Equinoxer to activist: The making of a soldier in the war against the war on drugs

"Just say no." –First Lady Nancy Reagan

Jamie Graham did not say no. He said yes. In fact, he said yes many times. Yes to that bottle of champagne his friends were passing around in high school at a New Year's Eve party, yes to the guy who said "chug it." He said yes to trying marijuana on that very same night, though it never actually got him high the first few times. And, in the summer before college, Graham said yes to LSD. He'd been reading all about Ken Kesey and the Day-Glo acid trippers of the 1960s, and he'd gotten curious.

The only problem was, this Eagle Scout, debate team captain, and high school track star with a 4.5 GPA didn't know anyone who did acid. So he bounced the idea off of some of the students he tutored after school. Some of them had long hair, smoked, and looked like they knew how to get a hold of the stuff. Most of them laughed at their clean-cut 18-year-old math tutor when he asked about getting acid. But one did not. And within a few weeks, Graham had the first of what would be many experiences with LSD.

He said yes to the University of Virginia when he was offered an academic scholarship. And he said yes to Tau Kappa Epsilon when they asked him to pledge. He said yes to parties and long hair, yes to Grateful Dead concerts and Gulf War protests, and yes to the new world of freedom that is college life. And of course he said yes to his studies, maintaining an A average in most of his classes.

During his third year, Jamie Graham said yes to two other guys who appeared to be students when they asked him if he would sell them some acid. For a total price of five dollars, he gave them two hits of LSD. It was that last yes that sent him to federal prison.

"And yes, that little capsule sliding blissfully down the gullet was LSD." –Tom Wolfe

The U.S. Government's battle against illegal drugs was kicked into high gear in the early 1970s under then President Richard Nixon. The battle became an all out war under Ronald Reagan in the mid 1980s. Citing "epidemic" levels of drug use, Reagan stepped up funding for anti-drug forces, called for harsher punishments, and personally led an anti-drug media campaign right from the White House.

After the fall of the Communist regime in Russia in the late 1980s, the federal government refocused its attention on a new evil empire: drug dealers in our own backyards.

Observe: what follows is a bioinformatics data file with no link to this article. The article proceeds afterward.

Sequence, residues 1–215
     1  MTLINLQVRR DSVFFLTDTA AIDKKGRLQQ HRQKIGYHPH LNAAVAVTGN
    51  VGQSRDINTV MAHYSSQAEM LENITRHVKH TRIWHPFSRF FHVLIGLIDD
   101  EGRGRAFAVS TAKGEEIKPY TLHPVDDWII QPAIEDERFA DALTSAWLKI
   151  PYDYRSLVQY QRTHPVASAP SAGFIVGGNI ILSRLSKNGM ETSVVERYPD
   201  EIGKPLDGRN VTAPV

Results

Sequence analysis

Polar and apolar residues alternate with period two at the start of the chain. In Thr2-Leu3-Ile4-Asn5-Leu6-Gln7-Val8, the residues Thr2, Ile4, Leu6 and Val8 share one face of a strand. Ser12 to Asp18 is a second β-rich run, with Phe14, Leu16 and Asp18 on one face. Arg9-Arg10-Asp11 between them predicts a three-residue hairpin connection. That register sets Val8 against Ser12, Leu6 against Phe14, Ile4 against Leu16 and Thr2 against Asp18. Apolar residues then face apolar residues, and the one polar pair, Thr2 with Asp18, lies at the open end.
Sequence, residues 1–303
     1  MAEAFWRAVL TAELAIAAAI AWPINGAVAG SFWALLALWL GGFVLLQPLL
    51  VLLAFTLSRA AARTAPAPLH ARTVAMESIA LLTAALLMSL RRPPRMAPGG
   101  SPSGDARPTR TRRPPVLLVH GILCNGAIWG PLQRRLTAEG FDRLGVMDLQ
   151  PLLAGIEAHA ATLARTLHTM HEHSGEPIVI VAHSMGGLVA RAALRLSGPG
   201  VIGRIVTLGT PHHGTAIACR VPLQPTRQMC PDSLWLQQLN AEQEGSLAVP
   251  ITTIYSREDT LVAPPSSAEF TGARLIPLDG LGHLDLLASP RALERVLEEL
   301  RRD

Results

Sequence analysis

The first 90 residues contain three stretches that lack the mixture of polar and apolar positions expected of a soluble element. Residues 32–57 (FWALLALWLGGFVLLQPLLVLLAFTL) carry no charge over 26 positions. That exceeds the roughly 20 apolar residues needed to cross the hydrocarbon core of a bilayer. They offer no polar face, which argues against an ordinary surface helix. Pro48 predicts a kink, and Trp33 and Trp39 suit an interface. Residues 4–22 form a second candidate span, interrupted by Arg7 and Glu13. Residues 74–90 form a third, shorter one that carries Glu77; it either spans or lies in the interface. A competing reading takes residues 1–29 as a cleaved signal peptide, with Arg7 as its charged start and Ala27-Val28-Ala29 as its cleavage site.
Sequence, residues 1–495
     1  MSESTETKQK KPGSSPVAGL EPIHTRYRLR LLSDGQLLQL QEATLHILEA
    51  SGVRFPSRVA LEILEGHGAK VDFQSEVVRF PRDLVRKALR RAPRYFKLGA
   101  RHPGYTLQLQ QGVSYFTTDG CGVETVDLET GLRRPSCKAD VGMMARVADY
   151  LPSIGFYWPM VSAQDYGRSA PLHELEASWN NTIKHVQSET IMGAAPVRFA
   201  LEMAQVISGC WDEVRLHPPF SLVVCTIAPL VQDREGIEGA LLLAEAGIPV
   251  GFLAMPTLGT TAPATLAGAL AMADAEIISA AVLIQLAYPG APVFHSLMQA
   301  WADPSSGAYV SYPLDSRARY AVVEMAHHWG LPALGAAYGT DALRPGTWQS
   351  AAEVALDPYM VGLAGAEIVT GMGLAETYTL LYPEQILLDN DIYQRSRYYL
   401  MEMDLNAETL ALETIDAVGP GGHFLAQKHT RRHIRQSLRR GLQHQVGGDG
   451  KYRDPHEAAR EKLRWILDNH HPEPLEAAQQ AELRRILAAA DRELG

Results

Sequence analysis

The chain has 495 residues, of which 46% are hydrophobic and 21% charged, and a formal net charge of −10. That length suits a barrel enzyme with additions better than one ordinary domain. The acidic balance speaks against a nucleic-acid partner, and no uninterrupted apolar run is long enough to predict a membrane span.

A long time ally of law enforcement, George H.W. Bush took the battle to new levels during his presidency. The War on Drugs got votes and big ratings. And it didn't seem to lose any popularity with the Clinton or George W. Bush Administrations either.

When Jamie Graham came to UVA in the fall of 1988, the War was well underway. He had no idea that he himself would be a casualty. Federal agents were busting down doors in the inner cities, in poor neighborhoods, on television, even in Panama. But not at a fraternity house near the insulated academical village of Thomas Jefferson. Things like that just didn't happen here.

"When a nation is at war, many things that might be said in time of peace are such a hindrance to its effort that their utterance will not be endured so long as men fight, and that no court could argue them as protected by any constitutional right."–Oliver Wendell Holmes

The Charlottesville Police Department, waging its own battles in the War on Drugs, conducted a series of undercover crack-cocaine busts in the late eighties. Rather than receiving praise, the city and its police department came under a barrage of criticism from members of the African-American community. It was charged that the police were unfairly targeting poor, black neighborhoods.

Then Chief of Police "Deke" Bowen took that charge and ran with it– all the way up the hill to the University.

"I'm critical of the academic-village mind-set," he said in 1991. "The students are not living in the real world."

So the police department would take the real world to them.

An undercover operation was initiated, focusing on the male students living in the fraternity houses. Various students were approached and secured as informants. Police Officer Mike Deeds grew a beard, tied a bandana around his head, and started going to parties. As far as anyone knew, Deeds was a JMU student in town to have some fun. Oh yes, and he liked to buy drugs: marijuana, ecstasy, shrooms, acid, you name it. He'd always have some cash on hand if you had any to sell.

It was Deeds and a student-informant named Tamir Noufi who approached Jamie Graham one day at his fraternity house. Graham didn't have the reputation of a big-time dealer, just an occasional buyer. But they had allegedly just been told by another student: "I don't have any hits left, but I just sold some to Jamie Graham. He might have some extra; go try him." So they went to the TKE house on Grady.

"Of course I remember the day they came by," Graham says. "I didn't really know either one of them that well, and I hadn't planned to sell the few hits I had left, so I told them no. At first. But then they followed me around, even up to my room, and I eventually gave them my last two doses. They gave me ten dollars, and I thought that was too much, so I gave them five dollars back. Then I told Mike Deeds I thought he looked like a cop. He just laughed."